East Falls artist hopes to incorporate more fine art into his glass work
November 27, 2012By Francis Hilario and Hope Janelle Berninghausen of Philadelphia Neighborhoods
Francis Hilario and Hope Janelle Berninghausen of Philadelphia Neighborhoods caught up with a number of Northwest Philadelphia artists for an artist spotlight series this week. Today's installment features glass artist Jim Loewer.
Working with glass wasn't always on Jim Loewer's radar. In fact, the artist, who has a degree in painting from the University of California and a degree in teaching from the University of South Carolina, had only been exposed to the world of glass through friends who were glassblowers.
"This was more a random set of occurrences. I kind of started out in college painting," Loewer said, "then ended up teaching and then ended up doing this."
Loewer's line of work is called lampworking, a type of glasswork in which a torch or lamp is used to melt glass as opposed to glassblowing which uses a furnace and a glory hole.
After being exposed to glass, the self-taught artist started his own company called Jim Loewer Glass Co., which is based in the Sherman Mills complex in East Falls.
Loewer said he believes that being self-taught, as well as pulling from his background in painting, has given him knowledge that those who went through school might not have.
"[If you go to school,] you might end up with a certain set of techniques that you imagine you should follow," Loewer said. "Kind of like, 'This is what other famous or fancy glassblowers have done and I aspire to do that.' I didn't go that route. I like painting [and was] more influenced by that than any kind of any education in glass or any other glassblowers that I had seen."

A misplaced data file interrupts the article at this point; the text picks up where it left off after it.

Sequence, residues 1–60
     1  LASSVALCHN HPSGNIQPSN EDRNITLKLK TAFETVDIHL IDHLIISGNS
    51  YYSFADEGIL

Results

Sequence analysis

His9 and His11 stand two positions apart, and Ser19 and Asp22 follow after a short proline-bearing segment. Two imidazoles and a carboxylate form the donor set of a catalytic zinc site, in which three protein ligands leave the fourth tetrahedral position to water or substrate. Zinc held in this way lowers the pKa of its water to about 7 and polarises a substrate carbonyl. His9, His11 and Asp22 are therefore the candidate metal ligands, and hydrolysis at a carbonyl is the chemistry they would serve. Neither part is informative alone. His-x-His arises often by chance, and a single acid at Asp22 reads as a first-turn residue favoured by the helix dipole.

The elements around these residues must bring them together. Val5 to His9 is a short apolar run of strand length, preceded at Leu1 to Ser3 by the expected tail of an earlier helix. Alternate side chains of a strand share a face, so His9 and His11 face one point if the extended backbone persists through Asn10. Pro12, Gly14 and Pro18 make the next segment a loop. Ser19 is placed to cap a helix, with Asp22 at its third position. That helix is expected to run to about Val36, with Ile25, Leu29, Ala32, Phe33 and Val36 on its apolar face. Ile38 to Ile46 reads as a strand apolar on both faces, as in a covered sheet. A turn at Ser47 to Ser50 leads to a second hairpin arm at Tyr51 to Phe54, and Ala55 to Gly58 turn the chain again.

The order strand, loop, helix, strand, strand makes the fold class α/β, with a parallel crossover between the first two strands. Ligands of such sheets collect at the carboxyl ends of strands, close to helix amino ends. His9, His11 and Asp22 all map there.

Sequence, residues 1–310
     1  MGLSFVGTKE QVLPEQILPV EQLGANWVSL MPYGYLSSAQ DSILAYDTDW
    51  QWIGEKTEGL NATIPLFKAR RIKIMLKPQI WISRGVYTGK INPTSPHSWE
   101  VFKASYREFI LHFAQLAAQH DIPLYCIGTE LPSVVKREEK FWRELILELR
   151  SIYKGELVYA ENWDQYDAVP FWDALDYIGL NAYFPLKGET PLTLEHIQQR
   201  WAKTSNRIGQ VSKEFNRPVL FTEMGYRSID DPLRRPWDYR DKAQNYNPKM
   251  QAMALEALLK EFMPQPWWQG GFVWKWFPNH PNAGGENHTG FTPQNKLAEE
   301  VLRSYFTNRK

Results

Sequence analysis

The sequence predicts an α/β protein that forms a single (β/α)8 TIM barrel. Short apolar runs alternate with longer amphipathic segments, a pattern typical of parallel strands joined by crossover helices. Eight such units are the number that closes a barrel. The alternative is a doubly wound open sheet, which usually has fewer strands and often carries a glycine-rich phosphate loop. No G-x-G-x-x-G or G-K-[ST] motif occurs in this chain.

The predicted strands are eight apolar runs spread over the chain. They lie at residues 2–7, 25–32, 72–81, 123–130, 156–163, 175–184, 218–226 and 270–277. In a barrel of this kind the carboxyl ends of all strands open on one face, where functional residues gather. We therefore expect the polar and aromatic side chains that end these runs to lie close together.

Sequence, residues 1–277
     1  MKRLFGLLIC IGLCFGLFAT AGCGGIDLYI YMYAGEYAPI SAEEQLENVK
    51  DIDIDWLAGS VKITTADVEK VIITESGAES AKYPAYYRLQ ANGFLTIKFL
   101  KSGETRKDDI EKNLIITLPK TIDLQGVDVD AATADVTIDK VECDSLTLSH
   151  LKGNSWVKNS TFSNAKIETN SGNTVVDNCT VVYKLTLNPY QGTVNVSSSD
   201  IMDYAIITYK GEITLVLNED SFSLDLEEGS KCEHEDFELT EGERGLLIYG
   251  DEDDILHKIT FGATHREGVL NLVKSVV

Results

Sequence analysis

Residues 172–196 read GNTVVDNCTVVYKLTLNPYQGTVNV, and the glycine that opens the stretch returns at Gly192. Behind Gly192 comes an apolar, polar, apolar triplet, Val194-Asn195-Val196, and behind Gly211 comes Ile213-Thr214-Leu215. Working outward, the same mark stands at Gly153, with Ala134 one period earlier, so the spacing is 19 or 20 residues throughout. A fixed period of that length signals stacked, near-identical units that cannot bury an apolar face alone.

Some of the techniques that Loewer said set him apart from others include the coloring of the glass as well as making large pieces with the torch, which is typically used to make small and intricate items such as beads.
Since starting his own business seven years ago, Loewer has provided work for companies such as UncommonGoods and Anthropologie.
Loewer said working with big companies hasn't compromised his artistry or controlled his career path. Instead, he said he believes that it has helped him grow as an artist.
"The UncommonGoods catalogue just ordered a couple of these heart-shaped bowls. I'm not sure if I would just make a heart-shaped bowl on my own," Loewer said, "but I feel like I've grown with the places that buy from me. I kind of feel like I've made stuff that they like and it's kind of engrained in me a little bit."
As for the future, Loewer said he would like to expand his company and hire glassblowers to work on pieces so that he can focus on combining glass with his background in art.
"I feel pretty lucky and happy to be making a decent living making the stuff I make," Loewer said, "but I'm interested in kind of bringing in my initial interest in fine art from painting into glass and doing a little more installation, abstract or meaningful work."